About a year or so ago, I spoke with J.D. Faust about kingdom exclusion as part of my research. Faust is the author of The Rod, Will God Spare It?, a text which purports to recount the history of exclusion theology (it’s decidedly not that, but rather a presentation of his own theology). Within five minutes of the conversation, we were debating the topic. I did not make secret my reservations about KE, and posed several challenging questions. Faust, liking a good argument, posed several challenging questions of his own. Essentially the argument rested on the question of what we are to make of sin committed after ones conversion. Sins committed before conversion are obviously forgiven — a person can do nothing to absolve ones sins except rely on the grace of God. But what are we to make of sins committed after conversion?
My position is that we are to rely on the grace of God, not to excuse sin (cf. Rom. 6:1-4), but to overcome sin. Essentially, Faust countered, my position allows people to sin without consequence. Faust’s contention, that people can sin without consequence, however, does not accurately represent my position. There are consequences to sin. Our point of departure is how and when those consequences are realized.
Briefly, my position is this: (a) consequences are realized in the present — most people can attest to this, (b) consequences are realized at the judgment (cf. 1 Cor. 3:10-15), and (c) and this is the most important point, consequences are realized at the Cross. That Paul poses the question in Romans, and replies, “How can we who died to sin still live in it?”, suggests our answers to the question sometimes miss the point entirely. Paul’s position is simply one of astonishment: People actually contemplate such things? They miss entirely the point of the Gospel. But, to be fair, the question is real, and Paul does dedicate much of his preaching to it. Simply consider how most of his letters end.
Faust’s position is that unfaithful Christians will be subjected to temporary chastisement in the millennial kingdom. He calls this branch of theology, kingdom exclusion. His reading of Revelation is quite literalistic, so he envisions separation from God for 1,000 years, and punishment with a rod of fire proceeding from Christ’s mouth. In a sense, this quite neatly answers the question of what we are to make of sins committed after conversion, but in another very real sense, it is really problematic. What must one do to be faithful? Here, Faust acknowledges, one cannot be certain. “You cannot draw a line,” Faust answered.
What happens is that exclusionists resort to the “old” gospel message they are so fond of criticizing. You have to be faithful to God’s word, they say. You have to obey his law. You have to run the race, etc. That’s all fine and good, but what does that mean? If the consequences of sin are 1,000 years of separation and chastisement with a rod of fire, what precisely must one do to be saved from that fate? What are the mechanics?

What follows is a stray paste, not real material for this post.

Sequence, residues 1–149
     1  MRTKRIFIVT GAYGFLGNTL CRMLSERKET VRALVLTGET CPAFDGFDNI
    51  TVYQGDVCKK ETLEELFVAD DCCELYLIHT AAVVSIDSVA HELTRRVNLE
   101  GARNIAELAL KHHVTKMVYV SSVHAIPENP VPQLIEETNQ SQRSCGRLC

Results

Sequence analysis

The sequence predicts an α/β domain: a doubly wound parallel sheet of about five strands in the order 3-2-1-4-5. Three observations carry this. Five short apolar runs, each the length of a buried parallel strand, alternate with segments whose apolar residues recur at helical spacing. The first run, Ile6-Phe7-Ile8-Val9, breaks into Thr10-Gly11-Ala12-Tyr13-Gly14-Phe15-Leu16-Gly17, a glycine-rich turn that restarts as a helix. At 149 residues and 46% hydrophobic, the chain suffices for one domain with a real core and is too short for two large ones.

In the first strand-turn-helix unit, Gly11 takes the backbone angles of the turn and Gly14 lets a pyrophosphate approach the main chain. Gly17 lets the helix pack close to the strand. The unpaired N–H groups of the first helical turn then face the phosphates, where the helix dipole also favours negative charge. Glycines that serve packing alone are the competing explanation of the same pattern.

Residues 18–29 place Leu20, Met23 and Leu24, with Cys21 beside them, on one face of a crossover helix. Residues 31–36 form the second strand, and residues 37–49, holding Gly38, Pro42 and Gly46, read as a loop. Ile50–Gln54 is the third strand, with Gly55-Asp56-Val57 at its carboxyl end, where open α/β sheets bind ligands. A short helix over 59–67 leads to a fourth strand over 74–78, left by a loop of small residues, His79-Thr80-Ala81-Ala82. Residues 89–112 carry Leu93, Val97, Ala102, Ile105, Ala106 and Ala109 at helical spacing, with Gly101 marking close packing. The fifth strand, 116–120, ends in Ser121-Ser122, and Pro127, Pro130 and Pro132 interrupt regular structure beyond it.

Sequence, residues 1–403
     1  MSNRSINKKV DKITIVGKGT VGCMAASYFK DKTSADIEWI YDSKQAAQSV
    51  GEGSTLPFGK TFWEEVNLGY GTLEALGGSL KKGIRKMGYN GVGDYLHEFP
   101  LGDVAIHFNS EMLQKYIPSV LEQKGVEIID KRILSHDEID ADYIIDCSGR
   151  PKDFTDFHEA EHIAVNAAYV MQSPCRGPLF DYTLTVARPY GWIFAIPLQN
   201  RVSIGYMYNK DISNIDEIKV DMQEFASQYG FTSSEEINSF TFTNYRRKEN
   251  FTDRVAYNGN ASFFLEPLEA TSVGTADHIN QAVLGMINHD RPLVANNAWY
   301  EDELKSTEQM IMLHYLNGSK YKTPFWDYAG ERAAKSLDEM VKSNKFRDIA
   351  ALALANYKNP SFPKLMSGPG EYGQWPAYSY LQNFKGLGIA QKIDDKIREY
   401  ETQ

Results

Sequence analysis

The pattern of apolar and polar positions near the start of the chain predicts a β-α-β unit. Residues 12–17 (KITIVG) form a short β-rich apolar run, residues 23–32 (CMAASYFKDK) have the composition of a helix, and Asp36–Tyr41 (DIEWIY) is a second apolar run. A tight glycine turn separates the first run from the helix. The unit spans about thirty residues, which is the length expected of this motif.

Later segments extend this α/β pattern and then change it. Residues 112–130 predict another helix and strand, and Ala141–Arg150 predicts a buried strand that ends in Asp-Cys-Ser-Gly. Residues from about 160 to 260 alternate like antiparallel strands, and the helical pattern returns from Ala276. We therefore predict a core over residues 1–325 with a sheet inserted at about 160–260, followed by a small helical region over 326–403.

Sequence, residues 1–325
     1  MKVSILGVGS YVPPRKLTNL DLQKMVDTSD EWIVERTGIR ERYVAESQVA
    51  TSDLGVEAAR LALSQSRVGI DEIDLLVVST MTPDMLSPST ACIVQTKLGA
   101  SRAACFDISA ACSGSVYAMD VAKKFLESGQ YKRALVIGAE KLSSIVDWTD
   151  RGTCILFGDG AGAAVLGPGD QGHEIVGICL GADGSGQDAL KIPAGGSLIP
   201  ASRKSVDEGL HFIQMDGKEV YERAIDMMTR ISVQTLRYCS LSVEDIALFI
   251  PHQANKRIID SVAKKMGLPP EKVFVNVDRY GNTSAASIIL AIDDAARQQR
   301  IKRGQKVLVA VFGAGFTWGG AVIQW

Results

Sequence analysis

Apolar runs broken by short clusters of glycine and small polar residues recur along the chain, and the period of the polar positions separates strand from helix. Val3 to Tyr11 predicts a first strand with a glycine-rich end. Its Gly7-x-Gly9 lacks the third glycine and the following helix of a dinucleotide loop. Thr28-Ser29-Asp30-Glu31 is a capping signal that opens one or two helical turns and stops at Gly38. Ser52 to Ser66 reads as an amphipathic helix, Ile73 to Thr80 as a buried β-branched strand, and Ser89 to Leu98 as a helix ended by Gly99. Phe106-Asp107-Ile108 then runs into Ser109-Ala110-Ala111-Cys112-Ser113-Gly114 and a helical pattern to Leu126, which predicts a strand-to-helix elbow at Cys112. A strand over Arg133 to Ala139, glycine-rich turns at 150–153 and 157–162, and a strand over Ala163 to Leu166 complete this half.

Reading the work of another exclusionist, Arlen L. Chitwood, I am quite surprised to find only generalizations. In Run to Win, Chitwood asserts that we must “run the race” according to a “set of instructions.” He does not describe these instructions, except to imply one must read, understand and practice the things of the Bible. Again, what’s utterly remarkable about that? Is that not what most evangelical churches teach?
There are still more difficulties. For example, is anything less than absolute righteousness acceptable to God? I posed this question to Faust, and he bristled. Absolute righteousness is indeed an impossible standard, but what other is there? If, as Faust argues, there will be two classes of Christians in (or out) of the millennial kingdom, one that reigns with Christ and another that is excluded, how different will their lives have been from each other? How is it that Christian A is more righteous that Christian B? Certainly, we can all find examples of people whose faith is more remarkable than ours, but is the faith of Christian A absolutely greater than that of Christian B? In my 21 years of Christian ministry, I can attest that there is none that is absolutely righteous, no, not one. There are many who are blameless, but none who are absolutely righteous. That’s stark.
So the question of mechanics remains. What must one do to inherit the kingdom?
© 2009, Mark Adams. All rights reserved.